Low-Code Automation and the Democratization of Innovation
Is Low-Code the Future of Automation? How Organizations are embracing low-code automation to accelerate RPA production cycles and boost cross-functional collaborationAdd bookmark
Source code, or simply “code” for short, provides the building blocks of software and computing programming. It is the language humans use to build, control, operate and communicate with computer systems. The individuals who have been responsible for writing code (i.e. software engineers, software developers, and computer programmers) are what we colloquially call “coders.”
For decades, organizations have relied on coders to build and manage their digital ecosystems. From implementing and securing large-scale enterprise systems to developing new digital, customer-facing products. There are few roles more important to a company’s overall business success than that of the coder.
Given the extensive training and unique skill set required, it should be no surprise that there is a global shortfall of qualified tech talent. This shortage is especially acute when it comes to more cutting-edge skill sets such as data analytics, AI development and blockchain engineering. To make matters worse, demand for software developers and similar roles is projected to increase by 21% by 2028.
The lack of skilled talent available to operationalize the latest wave of automation and technology has long-reaching effects. Not only does it increase the likelihood of employee burnout and delay digital production pipelines, it also curtails general growth.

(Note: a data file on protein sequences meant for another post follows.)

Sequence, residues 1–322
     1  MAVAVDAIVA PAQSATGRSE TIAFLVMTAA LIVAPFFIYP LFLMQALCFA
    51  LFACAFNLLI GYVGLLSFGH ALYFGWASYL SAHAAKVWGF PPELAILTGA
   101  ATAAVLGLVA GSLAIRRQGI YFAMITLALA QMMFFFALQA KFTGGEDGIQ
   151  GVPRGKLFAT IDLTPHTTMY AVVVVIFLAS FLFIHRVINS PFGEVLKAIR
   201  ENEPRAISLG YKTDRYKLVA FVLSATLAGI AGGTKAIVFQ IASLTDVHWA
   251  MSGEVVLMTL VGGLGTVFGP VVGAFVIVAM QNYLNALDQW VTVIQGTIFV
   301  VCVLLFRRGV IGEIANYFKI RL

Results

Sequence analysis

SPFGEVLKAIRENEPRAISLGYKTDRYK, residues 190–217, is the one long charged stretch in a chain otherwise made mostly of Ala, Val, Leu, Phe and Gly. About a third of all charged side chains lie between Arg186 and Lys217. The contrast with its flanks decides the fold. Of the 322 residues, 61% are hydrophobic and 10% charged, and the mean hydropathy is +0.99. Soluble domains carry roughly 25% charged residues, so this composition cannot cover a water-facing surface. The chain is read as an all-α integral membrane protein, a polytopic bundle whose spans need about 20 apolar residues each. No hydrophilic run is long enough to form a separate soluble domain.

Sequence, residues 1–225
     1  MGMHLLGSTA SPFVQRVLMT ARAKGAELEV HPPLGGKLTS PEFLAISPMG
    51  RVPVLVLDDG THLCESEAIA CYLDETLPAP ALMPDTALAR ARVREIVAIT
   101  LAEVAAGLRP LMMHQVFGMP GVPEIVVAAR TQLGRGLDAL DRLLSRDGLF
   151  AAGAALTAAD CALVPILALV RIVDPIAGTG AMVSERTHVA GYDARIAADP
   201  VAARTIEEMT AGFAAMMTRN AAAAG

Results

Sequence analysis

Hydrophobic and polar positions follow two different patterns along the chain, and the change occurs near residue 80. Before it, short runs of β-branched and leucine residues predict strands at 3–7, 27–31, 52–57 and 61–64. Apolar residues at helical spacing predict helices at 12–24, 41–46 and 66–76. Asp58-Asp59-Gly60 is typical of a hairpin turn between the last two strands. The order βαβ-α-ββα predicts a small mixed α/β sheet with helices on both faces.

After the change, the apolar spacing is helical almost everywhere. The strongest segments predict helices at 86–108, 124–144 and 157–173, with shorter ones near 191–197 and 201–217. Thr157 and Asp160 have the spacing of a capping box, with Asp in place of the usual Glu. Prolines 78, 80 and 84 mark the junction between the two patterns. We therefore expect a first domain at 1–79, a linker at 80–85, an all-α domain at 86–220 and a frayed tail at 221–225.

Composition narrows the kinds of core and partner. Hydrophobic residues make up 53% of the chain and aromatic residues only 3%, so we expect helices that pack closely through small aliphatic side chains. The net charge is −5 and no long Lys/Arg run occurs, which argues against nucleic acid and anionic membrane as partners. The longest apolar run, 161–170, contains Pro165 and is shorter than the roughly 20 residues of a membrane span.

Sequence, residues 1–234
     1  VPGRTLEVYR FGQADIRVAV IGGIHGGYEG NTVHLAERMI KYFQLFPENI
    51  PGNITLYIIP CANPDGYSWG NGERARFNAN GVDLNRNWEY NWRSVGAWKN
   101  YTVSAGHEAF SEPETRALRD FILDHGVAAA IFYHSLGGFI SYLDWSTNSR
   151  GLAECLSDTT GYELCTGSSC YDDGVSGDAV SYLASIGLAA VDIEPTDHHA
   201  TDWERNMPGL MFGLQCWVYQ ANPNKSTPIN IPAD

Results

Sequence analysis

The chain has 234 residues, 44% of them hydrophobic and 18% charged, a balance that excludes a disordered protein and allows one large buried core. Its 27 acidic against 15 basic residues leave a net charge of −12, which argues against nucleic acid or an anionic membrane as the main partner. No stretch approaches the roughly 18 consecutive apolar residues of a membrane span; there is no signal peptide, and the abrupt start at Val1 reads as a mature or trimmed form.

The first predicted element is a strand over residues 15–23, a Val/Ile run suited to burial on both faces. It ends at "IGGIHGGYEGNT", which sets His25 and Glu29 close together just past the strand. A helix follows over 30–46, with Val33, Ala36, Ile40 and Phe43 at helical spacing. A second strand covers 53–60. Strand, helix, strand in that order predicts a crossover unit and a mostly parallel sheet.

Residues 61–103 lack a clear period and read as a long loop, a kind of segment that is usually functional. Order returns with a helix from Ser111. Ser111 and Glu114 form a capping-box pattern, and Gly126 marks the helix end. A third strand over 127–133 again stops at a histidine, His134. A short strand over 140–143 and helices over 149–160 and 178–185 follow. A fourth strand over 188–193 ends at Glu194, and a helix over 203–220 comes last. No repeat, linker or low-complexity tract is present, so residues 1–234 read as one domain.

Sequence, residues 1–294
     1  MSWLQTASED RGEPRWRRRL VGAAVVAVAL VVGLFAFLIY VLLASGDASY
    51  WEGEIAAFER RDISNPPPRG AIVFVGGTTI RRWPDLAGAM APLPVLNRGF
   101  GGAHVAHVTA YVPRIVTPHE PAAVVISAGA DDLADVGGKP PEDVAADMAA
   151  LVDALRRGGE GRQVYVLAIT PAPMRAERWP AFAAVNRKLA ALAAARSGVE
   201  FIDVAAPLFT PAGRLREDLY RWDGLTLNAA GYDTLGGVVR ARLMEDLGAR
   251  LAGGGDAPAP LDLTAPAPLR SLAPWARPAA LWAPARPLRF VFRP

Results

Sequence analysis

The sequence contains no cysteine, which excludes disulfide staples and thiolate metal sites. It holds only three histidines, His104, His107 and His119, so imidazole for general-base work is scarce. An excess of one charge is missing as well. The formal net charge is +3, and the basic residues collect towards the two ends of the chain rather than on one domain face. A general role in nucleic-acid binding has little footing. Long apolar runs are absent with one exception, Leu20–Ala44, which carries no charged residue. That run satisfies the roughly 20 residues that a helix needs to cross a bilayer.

Low-code and no-code solutions are one proposed way, of many, to reduce an organization’s reliance on skilled talent to build and operationalize software programs. Low-code solutions are software development platforms that require little to no coding in order to build applications and processes. Instead of relying on traditional code-based programming techniques, low-code platforms allow users to design and deploy applications through graphical user interfaces and configuration tools.
By providing regular business users the ability to automate routine, repeatable business processes virtually on their own, software engineers and other technical talent can focus on more high value activities such as developing new customer-facing products and managing large-scale enterprise systems.
In addition - as pretty much anyone can use them - low-code/no-code tools are far easier to scale than traditional enterprise systems.
What is Low-Code Automation?
As the names suggest, low-code automation (LCA) tools are business process automation (BPA) tools that require only minimal coding to function. In other words, even a person with limited coding abilities could use these tools to automate routine and repeatable business processes.
As low-code automation platforms often still require some coding knowledge to operationalize, these tools are frequently leveraged by:
- Technical personnel looking to expedite the BPA process. Even though they may have extensive coding experience, it’s simply easier, quicker and more effective to use out-of-the-box LCA tools
- Teams of technical and non-technical users. For example, a business user might design or “build” an automated workflow using a drop & drag interface while a systems engineer will write and execute the automation script.